A message can be transmitted via email, text messages or common instant messaging platforms. Victims believe that the message came from a known sender. Example senders could be your company’s CEO or your bank. In the message, the phisher will create a sense of urgency causing the victim to click a link leading them to a fake webpage or prompting to download a file.

Examples of Phishing

While phishing is a common tactic performed, there are several different methods of phishing. Each method generally contains the same components but often has different targets. 

Spoofed Emails

With victims spending hours a day sifting through emails, it’s easy to mistakenly click on an email that is received from a spoofed email address. While these often direct victims to a web page, many request funds in the form of a wire transfer or gift cards. 

Spear Phishing 

Spear-phishing targets a specific person or enterprise instead of a wide group. Phishers may perform research on the user to make the attack more effective. Unsurprisingly, tons of data can be found on social media platforms such as LinkedIn. Phishers can understand your network, contact information, and experience to draft a highly personalized phishing message. For example, A fake or compromised email could be used in a Business Email Compromise (BEC) attack to trick employees into leaking credentials or sending funds.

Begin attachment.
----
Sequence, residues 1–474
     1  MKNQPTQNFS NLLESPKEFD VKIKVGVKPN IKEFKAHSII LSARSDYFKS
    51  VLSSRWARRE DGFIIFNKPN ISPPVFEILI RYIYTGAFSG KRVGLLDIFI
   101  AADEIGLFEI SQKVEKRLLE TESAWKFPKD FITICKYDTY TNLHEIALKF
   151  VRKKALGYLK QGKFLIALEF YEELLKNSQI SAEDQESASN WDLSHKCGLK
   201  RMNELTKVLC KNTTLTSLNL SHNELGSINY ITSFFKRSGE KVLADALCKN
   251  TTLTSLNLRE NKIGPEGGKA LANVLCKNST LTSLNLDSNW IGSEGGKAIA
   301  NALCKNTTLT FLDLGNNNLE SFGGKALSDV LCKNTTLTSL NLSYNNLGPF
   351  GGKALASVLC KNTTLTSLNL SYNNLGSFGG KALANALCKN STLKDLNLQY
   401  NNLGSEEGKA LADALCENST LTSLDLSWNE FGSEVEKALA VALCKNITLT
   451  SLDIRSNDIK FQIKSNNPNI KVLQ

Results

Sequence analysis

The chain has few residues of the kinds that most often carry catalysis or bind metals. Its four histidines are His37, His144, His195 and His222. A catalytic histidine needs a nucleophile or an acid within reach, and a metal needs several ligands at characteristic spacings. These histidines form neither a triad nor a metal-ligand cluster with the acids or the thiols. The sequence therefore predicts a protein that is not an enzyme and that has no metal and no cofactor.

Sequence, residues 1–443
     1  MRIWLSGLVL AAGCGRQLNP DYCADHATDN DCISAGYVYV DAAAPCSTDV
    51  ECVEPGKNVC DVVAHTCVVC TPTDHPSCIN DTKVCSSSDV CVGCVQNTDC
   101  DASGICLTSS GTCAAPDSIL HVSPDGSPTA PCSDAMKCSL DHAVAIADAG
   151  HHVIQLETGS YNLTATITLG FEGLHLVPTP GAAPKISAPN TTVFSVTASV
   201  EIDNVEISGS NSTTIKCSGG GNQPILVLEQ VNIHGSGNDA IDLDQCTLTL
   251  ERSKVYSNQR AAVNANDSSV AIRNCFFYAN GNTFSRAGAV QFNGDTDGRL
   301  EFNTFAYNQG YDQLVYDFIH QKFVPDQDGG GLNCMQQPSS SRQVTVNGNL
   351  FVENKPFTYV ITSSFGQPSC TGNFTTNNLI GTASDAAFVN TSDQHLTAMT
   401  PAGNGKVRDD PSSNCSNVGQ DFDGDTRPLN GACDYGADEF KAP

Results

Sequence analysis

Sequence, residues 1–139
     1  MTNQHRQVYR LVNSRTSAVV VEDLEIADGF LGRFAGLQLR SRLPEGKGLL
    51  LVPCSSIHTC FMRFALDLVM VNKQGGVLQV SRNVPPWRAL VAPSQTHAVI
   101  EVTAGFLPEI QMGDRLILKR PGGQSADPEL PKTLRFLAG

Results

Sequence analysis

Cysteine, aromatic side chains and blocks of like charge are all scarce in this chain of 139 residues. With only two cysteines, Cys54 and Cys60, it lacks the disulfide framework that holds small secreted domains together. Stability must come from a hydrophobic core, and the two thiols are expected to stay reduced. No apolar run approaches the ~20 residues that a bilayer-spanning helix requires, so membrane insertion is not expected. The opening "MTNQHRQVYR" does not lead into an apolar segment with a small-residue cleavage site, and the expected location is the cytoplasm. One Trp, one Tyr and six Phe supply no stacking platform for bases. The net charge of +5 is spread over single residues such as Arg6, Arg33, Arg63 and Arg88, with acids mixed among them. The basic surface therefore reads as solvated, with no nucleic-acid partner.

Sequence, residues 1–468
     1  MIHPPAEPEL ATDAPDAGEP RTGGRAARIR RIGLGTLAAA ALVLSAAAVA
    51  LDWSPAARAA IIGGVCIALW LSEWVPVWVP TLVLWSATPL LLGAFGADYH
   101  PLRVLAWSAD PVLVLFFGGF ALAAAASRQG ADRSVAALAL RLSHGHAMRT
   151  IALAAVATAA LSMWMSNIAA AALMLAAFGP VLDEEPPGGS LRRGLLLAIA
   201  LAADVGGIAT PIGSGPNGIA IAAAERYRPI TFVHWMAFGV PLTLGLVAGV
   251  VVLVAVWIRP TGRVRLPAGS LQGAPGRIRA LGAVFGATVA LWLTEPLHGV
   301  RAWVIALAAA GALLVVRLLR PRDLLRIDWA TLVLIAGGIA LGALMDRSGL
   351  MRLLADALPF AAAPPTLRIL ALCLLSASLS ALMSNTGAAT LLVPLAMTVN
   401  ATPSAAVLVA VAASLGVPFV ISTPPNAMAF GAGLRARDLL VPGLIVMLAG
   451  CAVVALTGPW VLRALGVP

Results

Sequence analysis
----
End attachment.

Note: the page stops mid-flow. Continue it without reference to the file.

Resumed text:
Clone Phishing

Clone phishing is a phishing attack that leverages a user’s familiarity with the sender. A previously sent email with a link or attachment is intercepted and cloned.  However, the original link or attachment has been replaced with a malicious link or attachment. It may be sent from a spoofed email address to appear like the original sender. By referencing the earlier message, the phisher may build trust with the recipient.

Whaling

Whaling has all the same characteristics as a typical phishing attack, only the phish are much bigger. In this attack, cyber criminals will target key or senior figures at an organization. If a key member in the finance department receives a spoofed message that they believe to be from the CEO requesting a wire transfer, they may not think twice. Similar to spear phishing, these attacks are highly targeted.

How You Can Prevent Phishing

The reason phishing is a common attack vector for cyber criminals is because it works and is relatively low effort. There are several steps that individuals and organizations can take to prevent falling victim to phishing attempts.

Verify Email Links

Individuals should always be weary when viewing emails with attachments. By hovering over an attachment, your browser will show the actual destination of the link. If it doesn’t look like a website you are familiar with or recognize, don’t click it. 

Verify Email Senders

If the email appears to be from someone you know, but it’s unexpected or has information that is too good to be true, there is a good chance it’s a phish. By viewing the email message headers and verifying the DKIM, SPF, and DMARC passed, you can verify it’s a legitimate sender. If the message still seems suspicious, just reach out to the sender directly over the phone or instant message to verify they actually sent it.